Reading Rilke During Morning Subway Rides
I've been spending a lot of time with Rilke on the subway. I acquired "A Year With Rilke," 366 different writings, each indexed by a different day of the calendar.
Some of those writings I've committed to memory. "The Dark Hours," and "In the Traffic of our Days."
Rilke is a deeply spiritual writer, and opening to a different page each day takes you far afield.
"I love the dark hours of my being,
my mind deepens into them,
there I can find, as in old letters,
the days of my life already lived
and held up like a legend, and understood.
Then the knowing comes. I can open to another life that's wide and timeless."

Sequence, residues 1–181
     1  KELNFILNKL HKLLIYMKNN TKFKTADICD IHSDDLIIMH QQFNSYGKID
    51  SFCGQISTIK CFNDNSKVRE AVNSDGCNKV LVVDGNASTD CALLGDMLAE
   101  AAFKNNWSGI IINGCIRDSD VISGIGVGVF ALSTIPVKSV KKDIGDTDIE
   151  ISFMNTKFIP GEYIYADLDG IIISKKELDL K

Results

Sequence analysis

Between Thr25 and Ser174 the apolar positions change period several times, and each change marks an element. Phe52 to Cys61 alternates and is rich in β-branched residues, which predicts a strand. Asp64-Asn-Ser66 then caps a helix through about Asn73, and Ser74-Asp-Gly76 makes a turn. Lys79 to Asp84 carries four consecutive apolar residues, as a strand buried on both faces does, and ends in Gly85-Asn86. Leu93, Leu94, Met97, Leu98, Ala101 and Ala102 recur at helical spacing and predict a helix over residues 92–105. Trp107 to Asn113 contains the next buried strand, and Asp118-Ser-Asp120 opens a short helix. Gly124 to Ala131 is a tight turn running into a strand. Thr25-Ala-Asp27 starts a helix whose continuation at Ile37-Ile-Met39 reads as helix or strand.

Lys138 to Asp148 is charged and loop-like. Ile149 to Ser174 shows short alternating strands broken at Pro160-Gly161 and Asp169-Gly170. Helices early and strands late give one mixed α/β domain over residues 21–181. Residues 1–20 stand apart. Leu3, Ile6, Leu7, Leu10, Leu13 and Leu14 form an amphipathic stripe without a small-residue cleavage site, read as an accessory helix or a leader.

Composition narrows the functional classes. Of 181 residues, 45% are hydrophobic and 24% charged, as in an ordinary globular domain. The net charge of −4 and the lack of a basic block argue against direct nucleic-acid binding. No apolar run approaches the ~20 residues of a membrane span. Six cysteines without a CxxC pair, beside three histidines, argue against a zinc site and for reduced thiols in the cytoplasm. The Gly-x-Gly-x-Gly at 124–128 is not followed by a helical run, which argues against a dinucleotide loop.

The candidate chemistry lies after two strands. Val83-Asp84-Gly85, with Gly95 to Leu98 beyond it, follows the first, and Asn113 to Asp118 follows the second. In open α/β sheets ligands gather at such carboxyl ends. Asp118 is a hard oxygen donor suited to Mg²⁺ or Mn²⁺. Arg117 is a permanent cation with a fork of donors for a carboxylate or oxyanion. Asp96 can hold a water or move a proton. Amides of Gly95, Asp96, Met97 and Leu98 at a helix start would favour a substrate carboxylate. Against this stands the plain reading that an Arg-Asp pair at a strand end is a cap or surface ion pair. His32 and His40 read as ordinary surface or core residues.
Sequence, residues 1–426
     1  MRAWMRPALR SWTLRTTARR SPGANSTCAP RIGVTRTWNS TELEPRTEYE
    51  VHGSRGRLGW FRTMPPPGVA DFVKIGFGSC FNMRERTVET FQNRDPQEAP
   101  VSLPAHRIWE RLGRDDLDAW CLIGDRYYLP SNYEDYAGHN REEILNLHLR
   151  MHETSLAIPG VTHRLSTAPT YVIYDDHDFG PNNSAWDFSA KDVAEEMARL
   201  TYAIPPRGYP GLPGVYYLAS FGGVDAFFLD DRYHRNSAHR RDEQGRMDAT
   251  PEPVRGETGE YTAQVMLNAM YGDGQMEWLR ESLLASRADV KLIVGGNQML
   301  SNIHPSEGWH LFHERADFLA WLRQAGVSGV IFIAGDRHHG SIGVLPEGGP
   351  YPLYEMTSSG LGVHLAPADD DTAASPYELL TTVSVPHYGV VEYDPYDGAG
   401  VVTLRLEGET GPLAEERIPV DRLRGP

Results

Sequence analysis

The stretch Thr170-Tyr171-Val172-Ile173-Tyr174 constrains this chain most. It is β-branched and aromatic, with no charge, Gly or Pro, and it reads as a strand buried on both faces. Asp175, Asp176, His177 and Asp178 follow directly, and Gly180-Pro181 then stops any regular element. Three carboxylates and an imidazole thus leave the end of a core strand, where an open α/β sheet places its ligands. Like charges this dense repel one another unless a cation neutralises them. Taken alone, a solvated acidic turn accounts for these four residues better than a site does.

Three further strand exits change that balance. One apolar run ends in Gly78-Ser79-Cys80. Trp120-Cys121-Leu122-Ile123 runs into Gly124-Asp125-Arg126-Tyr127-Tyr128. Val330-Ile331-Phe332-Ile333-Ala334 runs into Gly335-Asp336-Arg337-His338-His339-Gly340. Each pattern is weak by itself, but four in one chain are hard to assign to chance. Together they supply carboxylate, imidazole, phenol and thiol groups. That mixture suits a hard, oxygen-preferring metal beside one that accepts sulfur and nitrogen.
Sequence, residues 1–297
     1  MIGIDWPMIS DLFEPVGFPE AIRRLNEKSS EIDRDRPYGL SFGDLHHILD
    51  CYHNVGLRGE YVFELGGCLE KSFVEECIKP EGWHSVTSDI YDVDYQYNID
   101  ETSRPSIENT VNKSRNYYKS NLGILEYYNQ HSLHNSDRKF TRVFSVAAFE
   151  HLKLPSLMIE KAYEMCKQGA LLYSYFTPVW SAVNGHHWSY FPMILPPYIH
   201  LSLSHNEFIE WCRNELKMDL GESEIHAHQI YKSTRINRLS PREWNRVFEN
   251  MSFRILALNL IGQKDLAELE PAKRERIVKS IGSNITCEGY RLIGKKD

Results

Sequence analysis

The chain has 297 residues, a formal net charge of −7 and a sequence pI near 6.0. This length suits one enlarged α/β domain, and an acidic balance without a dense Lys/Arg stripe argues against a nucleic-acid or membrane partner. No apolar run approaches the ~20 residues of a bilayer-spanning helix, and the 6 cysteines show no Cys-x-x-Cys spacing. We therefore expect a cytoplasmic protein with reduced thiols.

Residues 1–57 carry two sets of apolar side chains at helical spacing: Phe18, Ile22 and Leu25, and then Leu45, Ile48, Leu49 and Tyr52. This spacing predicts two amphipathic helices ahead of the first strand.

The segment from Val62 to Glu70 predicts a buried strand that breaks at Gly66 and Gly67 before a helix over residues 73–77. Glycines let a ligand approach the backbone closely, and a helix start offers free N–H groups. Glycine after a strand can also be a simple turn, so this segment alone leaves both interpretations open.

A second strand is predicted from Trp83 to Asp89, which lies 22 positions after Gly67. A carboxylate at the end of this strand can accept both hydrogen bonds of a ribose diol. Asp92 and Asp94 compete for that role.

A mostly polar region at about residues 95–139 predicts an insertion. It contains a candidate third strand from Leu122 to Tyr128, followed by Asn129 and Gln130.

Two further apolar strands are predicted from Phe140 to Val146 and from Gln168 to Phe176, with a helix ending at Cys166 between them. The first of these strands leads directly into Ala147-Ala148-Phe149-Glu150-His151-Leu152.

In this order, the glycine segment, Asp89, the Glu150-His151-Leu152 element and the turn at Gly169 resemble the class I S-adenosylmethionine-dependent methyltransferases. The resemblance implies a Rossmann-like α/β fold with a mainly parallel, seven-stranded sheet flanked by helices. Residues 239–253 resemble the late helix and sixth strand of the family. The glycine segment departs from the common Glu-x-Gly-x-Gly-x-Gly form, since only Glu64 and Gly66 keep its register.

There are writings about love, about the process of writing itself ("Go into yourself. Find out the reason that commands you to write; see whether it has spread its roots into the very depths of your heart; confess to yourself whether you would have to die if you were forbidden to write.")
Each day, another piece of Rilke:
"In the traffic of our days
May we attend to all things
So that patterns may be revealed
Amid the offerings of chance."
You couldn't do worse than read Rilke, especially during a quiet morning commute.